Ask Donovan O’Neale, 24, why he started kiteboarding seven years ago, and he’ll tell you he needed a new sport to fall for when his first love let him down, and not so gently. “I was first into motorcross, but I needed a new way to stay healthy – I’d broken too many bones!”
His mates were kiteboarding, so they threw him on a board, telling him to teach himself the ropes. “I don’t recommend that,” Donovan chuckles. This is one of those things you don’t want to learn by being thrown in the deep end, so to speak. “You need to know the safety techniques, and how to do things like pass another kitesurfer – the rules of the water,” he explains.
Four years ago, Donovan started working at Cabrinha, the outlet at Eden on the Bay that not only sells kiteboarding equipment, but also offers a range of kitesurfing lessons in Cape Town daily.
As you can imagine, Donovan loves his job. He’s not bound to a desk, he gets to be near the sea, his boss knows he’ll be kiting before or after work most days, and he’s given room to explore new horizons and try new marketing avenues.
“But what I like most about my job is that I’m supplying happiness to a community,” Donovan says. “I’m selling a smile, I’m selling health. I’m helping be healthy and stay energised.”
Like most kiteboarders, Donovan is passionate about what kiteboarding offers as a sport. First, there’s the sense of freedom it gives the rider. With your board and kite, you can go as far and high as you like, and still come back by yourself. “I’ve been around Robben Island; to the ships in the Harbour and down to Silverstroom Strand. There’s that freedom of catching as many waves as possible, going as high as you want, and still being able to land as softly as you want without getting injured. If you did that with any other sport, you’d end up in hospital!”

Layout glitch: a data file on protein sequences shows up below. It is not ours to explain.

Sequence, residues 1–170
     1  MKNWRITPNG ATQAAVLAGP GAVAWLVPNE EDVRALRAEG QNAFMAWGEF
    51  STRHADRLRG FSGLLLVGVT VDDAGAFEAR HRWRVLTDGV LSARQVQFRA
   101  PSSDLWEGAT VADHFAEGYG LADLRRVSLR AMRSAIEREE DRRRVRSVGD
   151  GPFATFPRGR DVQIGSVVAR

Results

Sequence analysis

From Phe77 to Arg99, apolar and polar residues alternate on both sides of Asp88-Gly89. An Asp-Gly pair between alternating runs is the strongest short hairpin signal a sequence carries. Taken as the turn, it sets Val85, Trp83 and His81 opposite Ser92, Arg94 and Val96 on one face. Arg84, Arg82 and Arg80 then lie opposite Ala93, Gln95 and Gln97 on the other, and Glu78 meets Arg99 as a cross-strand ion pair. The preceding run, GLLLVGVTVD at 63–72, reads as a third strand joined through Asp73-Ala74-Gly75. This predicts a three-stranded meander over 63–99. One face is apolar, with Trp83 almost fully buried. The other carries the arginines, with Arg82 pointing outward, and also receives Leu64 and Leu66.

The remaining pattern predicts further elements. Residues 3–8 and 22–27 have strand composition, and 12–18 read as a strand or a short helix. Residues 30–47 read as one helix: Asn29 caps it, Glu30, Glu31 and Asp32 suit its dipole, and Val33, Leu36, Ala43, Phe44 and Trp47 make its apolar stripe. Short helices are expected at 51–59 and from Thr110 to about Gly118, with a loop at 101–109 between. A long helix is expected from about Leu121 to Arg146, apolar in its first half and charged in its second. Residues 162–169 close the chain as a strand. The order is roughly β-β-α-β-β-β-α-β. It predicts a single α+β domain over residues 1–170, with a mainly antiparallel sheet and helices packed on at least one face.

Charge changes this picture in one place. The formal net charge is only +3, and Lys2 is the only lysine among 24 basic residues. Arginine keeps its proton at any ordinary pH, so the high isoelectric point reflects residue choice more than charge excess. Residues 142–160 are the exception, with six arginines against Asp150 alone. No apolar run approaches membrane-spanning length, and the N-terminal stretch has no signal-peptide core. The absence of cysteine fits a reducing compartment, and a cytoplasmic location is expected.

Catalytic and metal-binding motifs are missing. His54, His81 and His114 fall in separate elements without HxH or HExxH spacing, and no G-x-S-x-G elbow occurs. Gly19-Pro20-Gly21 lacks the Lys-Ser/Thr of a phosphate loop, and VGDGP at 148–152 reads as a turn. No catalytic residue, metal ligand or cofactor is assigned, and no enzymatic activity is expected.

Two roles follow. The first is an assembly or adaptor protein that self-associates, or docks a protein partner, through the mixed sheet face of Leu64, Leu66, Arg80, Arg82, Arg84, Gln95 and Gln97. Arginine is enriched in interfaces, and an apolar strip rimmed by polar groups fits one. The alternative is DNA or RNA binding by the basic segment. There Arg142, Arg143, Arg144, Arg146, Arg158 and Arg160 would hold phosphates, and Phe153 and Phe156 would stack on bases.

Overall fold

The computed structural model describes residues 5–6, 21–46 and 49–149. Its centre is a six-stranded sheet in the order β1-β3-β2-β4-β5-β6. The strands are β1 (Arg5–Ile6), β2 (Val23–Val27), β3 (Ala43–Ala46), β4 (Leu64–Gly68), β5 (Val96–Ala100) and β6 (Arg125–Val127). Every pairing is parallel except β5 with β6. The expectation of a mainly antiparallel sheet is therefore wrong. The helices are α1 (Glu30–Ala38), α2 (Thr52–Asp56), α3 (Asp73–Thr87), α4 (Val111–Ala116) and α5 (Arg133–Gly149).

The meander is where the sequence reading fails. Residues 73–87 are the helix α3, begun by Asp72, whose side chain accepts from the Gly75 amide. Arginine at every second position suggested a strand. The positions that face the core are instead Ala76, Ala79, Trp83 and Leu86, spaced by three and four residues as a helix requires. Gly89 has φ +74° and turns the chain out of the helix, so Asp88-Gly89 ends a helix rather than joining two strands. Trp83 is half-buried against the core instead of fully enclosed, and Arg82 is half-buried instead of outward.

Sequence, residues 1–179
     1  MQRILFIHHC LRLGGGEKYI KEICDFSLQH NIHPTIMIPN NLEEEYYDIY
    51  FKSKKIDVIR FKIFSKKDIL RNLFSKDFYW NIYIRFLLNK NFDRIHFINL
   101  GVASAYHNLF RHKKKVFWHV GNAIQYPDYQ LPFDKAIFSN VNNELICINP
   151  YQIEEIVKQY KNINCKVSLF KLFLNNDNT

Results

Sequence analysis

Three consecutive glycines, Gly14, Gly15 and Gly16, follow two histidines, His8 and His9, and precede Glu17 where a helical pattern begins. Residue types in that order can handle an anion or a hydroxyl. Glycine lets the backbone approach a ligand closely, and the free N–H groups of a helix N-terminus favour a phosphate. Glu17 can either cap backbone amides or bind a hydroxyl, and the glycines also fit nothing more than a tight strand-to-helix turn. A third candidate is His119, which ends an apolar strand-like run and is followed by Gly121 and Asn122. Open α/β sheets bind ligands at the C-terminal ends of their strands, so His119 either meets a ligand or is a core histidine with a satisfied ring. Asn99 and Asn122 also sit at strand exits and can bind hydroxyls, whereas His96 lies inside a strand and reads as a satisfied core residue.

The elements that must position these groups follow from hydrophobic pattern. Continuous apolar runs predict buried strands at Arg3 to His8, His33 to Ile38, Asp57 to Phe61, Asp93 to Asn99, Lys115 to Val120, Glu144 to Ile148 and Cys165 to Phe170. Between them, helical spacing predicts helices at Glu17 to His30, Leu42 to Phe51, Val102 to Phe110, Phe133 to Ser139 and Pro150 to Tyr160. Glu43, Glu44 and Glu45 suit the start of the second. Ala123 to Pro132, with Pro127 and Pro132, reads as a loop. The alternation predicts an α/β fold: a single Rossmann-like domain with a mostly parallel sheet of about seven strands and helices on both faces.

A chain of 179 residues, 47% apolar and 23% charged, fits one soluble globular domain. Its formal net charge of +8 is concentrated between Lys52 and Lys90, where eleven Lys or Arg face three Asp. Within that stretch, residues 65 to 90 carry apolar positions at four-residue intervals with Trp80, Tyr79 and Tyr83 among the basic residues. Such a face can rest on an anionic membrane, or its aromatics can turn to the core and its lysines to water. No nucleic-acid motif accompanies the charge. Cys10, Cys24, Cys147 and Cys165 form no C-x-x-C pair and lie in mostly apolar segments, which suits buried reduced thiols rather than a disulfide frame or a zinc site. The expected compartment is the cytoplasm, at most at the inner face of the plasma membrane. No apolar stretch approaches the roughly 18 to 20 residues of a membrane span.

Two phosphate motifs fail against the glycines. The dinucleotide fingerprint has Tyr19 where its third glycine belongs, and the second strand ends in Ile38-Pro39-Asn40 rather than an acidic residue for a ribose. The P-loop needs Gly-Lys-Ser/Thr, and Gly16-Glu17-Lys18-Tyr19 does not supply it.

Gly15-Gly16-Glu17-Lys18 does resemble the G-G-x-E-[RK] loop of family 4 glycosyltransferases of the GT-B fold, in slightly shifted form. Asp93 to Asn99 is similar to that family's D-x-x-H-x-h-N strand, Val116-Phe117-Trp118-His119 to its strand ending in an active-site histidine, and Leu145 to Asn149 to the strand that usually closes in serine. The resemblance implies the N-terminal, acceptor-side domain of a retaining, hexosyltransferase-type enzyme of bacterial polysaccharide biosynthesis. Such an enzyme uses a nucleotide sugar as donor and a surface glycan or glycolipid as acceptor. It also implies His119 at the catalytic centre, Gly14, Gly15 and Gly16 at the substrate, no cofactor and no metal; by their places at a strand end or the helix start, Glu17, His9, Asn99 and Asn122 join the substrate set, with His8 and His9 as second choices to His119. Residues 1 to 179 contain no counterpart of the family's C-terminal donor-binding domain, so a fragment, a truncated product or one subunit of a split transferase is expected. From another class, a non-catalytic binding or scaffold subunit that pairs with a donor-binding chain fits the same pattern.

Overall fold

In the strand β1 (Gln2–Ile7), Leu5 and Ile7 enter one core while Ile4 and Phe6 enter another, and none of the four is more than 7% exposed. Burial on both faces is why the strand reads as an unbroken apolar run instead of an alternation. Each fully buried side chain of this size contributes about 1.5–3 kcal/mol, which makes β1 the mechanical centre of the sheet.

That’s not to say there’s not enough thrill for the adrenaline addicts. Donovan describes the many types of people that make up the friendly kiteboarding community: There are the easy-going wave riders who still kite on gentle days, then there are those who’ll ride in 40-plus knots, and “the hardcore wakeboarders who are usually doing the big tricks close to shore.”
It’s hard to know where Donovan falls within this growing subculture. His friends call him crazy (think motorcross), but he also has a deep, chilled side. The waves have probably influenced Donovan’s pragmatic life philosophy – to just take everything as it comes, day by day – but he also counts his mentor, the bestselling international author and personal-development expert Dr. John Fredrick Demartini, as a grounding influence. John, from Hawaii, is also a surfer.
Donovan met John through his mother, a publicist for Hay House books, when he was just 10. “I’ve looked up to John my whole life. We’ve had a good relationship since I was 10 years old. We meet up every time he’s in South Africa, and I always take his advice seriously,” Donovan says.
So, why should someone consider taking up kiteboarding as a sport? “It’s a great stress relief after a hard day’s work. It’s also really big as a family sport, and it’s not too dangerous anymore if you’re taught by accredited, affiliated people,” says Donovan. In other words: “Don’t let your friends try teach you,” he says with a laugh.